How To Copy Music From Cd To Pc Windows 7 Preparing A Hard Disk For Use In Windows XP

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Preparing A Hard Disk For Use In Windows XP

When a hard disk manufacturer ships a hard disk out, it doesn’t know what sort of computer system it’s going to end up in, so it ships them in a raw, unprepared state.

When you add a new hard disk drive to your computer (covered in part 1), the operating system you use (Windows, Linux, Unix etc.) prepares the disk for use with the correct file system, (FAT32, NTFS, ext3, ReiserFS etc.). For the most part they are all incompatible between OS platforms which is why manufacturers send them out unprepared.

Preparing A Hard Disk For Use In Windows XP is called formatting – where the sectors on the hard disk are arranged in the right way for your OS to read and write data from and to it.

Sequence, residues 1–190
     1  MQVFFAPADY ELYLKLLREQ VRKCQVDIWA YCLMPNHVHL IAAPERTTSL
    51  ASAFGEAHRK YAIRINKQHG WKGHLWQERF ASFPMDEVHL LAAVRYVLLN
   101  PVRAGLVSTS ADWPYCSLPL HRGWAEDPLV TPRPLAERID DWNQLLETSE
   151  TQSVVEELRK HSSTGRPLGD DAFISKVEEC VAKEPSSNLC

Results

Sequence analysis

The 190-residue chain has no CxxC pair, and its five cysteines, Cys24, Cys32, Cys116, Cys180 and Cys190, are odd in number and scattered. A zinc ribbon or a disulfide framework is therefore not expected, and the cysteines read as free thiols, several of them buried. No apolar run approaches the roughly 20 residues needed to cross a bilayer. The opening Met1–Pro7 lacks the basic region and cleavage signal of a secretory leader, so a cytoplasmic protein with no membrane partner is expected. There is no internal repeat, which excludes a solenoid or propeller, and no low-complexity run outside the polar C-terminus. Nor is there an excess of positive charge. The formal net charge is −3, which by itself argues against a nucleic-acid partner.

Hard disks can also be split into individual sections called partitions – each of which can be seen by the OS as a separate disk drive, each with it’s own drive letter and individually formatted.

So, to be able to use your newly installed hard disk, you need to first create one or more partitions on it and then format each of them.

This is a lot easier than you might think and in Windows, Microsoft have provided a nice easy to use program to do the job quickly and easily – the Computer Management utility.

Note: The following procedure is assuming you’ve installed a new disk drive. However, the process can also be used as a last resort with older drives that are starting to become problematic as it can often breathe new life into a dying drive. More on this at the end of the article.

Computer Management